Aurangabad was quite fittingly, bad. Really bad. The streets weren’t really streets at all, but dusty gaps between piles of rubbish and street vendors. Thankfully, the Ellora caves were nearby. After catching (mostly by luck) the public bus out there we were faced with a series of caves carved out a cliff-face by monks of various religions 1500 years ago. These were impressive. However, the Kailasanatha temple in the middle was rather more so. Carved out from the cliff in one single chunk, it’s twice the size of the Parthenon, covers three storeys and was designed from one blokes head. No drawings. Rather smug that we’d made our way to Aurangabad after all, we headed home in a guy’s jeep (don’t ask) and found out that we had actually made it off the waiting list and on to the sleeper train to Mumbai! Huzzah!
Now, obviously Mumbai is our finishing line so to speak, and we still have 5 or so weeks of travel left in the tank. But our thinking (and what thinking I may add) was that we could dump most of our stuff at the train station (warm stuff from Nepal, novelty hats, trinkets, Tibetan flags etc.) and get moving with minimal luggage and minimal fuss. Mumbai is not conducive to no fuss though. It’s hot, expensive and noisy. However, the buildings are stunning, none more so than the aforementioned train station. All designed by us plucky Brits no less, which got me wondering why most of the towns back in Blighty don’t look nearly so good. It seems colonial architecture was strictly for the colonies only. Shame really, I’m not sure Leeds’ high street looks as good as Mumbai’s.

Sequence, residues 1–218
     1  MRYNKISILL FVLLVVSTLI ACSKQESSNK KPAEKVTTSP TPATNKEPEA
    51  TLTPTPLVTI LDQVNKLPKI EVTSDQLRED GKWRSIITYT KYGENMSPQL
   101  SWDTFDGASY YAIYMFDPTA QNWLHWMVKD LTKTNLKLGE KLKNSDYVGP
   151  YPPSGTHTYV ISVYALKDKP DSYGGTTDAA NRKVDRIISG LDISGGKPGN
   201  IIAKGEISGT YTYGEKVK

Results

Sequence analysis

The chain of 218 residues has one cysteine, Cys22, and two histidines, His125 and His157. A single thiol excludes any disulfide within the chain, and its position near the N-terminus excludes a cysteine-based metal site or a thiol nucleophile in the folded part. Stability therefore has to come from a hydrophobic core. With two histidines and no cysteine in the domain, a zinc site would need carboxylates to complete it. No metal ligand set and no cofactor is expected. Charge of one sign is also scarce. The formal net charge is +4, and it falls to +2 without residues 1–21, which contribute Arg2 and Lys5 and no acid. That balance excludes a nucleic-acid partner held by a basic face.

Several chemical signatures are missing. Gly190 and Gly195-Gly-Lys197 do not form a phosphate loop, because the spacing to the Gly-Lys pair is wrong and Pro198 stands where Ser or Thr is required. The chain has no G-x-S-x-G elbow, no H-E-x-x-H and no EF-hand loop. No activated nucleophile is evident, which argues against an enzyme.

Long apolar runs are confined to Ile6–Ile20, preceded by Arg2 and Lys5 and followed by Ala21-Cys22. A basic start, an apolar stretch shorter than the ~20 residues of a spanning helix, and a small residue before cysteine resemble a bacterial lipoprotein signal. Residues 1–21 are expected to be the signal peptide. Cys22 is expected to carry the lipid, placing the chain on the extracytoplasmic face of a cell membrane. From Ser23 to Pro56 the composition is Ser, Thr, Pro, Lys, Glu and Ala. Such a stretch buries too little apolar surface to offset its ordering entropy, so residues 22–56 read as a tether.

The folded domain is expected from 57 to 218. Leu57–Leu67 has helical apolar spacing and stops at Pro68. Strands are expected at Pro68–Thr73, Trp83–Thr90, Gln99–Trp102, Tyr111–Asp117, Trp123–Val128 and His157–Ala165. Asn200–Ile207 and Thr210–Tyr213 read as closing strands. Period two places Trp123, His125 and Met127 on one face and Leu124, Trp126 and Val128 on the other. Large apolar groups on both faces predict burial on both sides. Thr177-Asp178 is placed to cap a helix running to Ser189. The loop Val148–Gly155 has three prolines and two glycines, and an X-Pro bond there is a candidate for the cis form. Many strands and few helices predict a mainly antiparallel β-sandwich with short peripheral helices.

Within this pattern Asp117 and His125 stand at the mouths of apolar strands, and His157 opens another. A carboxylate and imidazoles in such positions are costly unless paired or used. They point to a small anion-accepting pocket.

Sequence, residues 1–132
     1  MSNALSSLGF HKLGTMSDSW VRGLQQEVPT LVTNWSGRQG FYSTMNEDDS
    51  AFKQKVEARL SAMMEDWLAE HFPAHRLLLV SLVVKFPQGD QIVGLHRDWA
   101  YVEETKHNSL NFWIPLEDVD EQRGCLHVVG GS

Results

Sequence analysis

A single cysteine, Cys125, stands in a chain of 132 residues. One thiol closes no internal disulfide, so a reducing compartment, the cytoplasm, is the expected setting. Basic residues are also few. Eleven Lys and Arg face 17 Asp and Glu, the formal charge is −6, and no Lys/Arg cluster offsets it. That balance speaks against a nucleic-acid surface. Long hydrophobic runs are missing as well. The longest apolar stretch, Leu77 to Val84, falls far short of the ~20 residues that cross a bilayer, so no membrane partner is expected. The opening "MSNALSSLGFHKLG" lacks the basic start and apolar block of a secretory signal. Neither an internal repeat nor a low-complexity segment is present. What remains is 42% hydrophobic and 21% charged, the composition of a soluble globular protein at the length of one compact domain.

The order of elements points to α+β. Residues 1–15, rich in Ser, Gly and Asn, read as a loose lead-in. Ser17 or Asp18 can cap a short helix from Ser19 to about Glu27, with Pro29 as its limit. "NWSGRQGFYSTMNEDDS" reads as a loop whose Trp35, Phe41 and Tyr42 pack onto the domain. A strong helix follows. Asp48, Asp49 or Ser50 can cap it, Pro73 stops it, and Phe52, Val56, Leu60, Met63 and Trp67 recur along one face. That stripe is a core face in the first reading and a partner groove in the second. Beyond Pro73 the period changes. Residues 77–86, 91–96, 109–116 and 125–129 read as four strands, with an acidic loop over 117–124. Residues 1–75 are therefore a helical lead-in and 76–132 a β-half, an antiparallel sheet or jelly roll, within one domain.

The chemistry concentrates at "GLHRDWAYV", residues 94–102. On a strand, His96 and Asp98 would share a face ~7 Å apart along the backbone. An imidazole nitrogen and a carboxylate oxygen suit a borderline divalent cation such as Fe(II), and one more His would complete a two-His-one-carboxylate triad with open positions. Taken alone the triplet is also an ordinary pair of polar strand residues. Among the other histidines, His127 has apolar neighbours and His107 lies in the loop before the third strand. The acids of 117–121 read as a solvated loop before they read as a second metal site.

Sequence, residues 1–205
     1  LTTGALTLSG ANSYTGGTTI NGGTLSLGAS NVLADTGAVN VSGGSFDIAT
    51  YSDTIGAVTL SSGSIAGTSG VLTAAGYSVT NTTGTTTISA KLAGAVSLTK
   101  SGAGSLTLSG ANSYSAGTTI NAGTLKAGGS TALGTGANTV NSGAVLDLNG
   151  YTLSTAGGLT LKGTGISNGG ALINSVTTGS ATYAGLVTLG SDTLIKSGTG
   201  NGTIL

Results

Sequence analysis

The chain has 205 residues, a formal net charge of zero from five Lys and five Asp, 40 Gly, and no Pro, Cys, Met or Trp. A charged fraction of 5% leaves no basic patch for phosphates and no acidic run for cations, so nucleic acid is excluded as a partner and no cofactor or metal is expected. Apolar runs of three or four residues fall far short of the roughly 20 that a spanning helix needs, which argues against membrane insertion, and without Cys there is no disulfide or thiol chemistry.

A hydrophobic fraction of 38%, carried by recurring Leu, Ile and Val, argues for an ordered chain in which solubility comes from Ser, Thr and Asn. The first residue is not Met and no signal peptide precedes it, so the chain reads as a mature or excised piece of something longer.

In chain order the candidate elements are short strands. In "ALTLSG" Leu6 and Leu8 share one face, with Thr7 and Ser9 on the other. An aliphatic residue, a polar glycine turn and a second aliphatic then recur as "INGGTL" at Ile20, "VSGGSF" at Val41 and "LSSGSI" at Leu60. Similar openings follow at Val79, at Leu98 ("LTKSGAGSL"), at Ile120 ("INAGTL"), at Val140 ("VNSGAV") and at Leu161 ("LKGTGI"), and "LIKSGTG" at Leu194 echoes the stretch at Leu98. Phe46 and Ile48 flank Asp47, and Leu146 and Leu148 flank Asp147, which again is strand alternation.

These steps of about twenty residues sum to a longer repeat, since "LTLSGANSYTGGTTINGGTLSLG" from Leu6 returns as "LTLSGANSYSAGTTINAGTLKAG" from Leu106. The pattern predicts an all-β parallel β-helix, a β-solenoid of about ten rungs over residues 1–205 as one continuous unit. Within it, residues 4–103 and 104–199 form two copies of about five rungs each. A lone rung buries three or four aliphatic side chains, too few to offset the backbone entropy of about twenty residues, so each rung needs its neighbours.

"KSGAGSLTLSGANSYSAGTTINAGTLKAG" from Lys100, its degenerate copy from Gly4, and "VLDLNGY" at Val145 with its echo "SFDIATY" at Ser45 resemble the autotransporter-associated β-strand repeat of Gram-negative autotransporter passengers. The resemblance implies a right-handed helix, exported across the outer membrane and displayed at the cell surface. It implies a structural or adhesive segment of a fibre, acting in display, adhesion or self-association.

We crossed the border. It was harrowing. Agreeing to purchase some onward tickets south to Varanasi we received them on the Indian side in a tiny shop fronted by the Indian equivalent of Del-boy. Glancing at the price on the tickets we reckoned we were paying the chancer far too much commission (as in triple the price of the ticket) so tried bargaining with him. Next thing we knew he was shouting, “I’m not your slave!” And trying to grab all our money and tickets off us. Marcus attempted to slip some of our cash out of his pocket, which is when a large mechanic from down the road filled the doorway and inquired why we were touching his boss. Some smooth talking and rather large compromises later we had evaded their threat of the police and slipped ourselves on the bus, wallets emptier but faces intact. Welcome to India.
From the bus we caught a sleeper train where we had been allocated a “box.” Thankfully the box contained beds and a fitful nights rest ended with the sights and sounds of Varanasi. My opinion of India was about to change. This place is magic.
The old streets don’t have space for traffic so I think it’s less hectic to get around than other major cities. Saying that, cows regularly pin you to walls, touts have offered us anything from drugs to boat-rides to head massages and yesterday I was confronted with a number of open crematoriums. The Hindus rather like the Ganges it seems, and a number of them stagger to Varanasi for their final days before popping their sandals and being burnt on pyres right next to the river. Strangely it wasn’t as horrible as I expected. There actually seemed to be a bit of a party atmosphere.
We’re heading to Agra soon, to see some curry house called Maj’s Tahal or something. Luckily we have the tickets bought already so no swindling this time round.
Oh, and we washed elephants in Nepal. I rode one and it squirted water all over me with it’s trunk. If you ever want to feel five again I highly recommend this.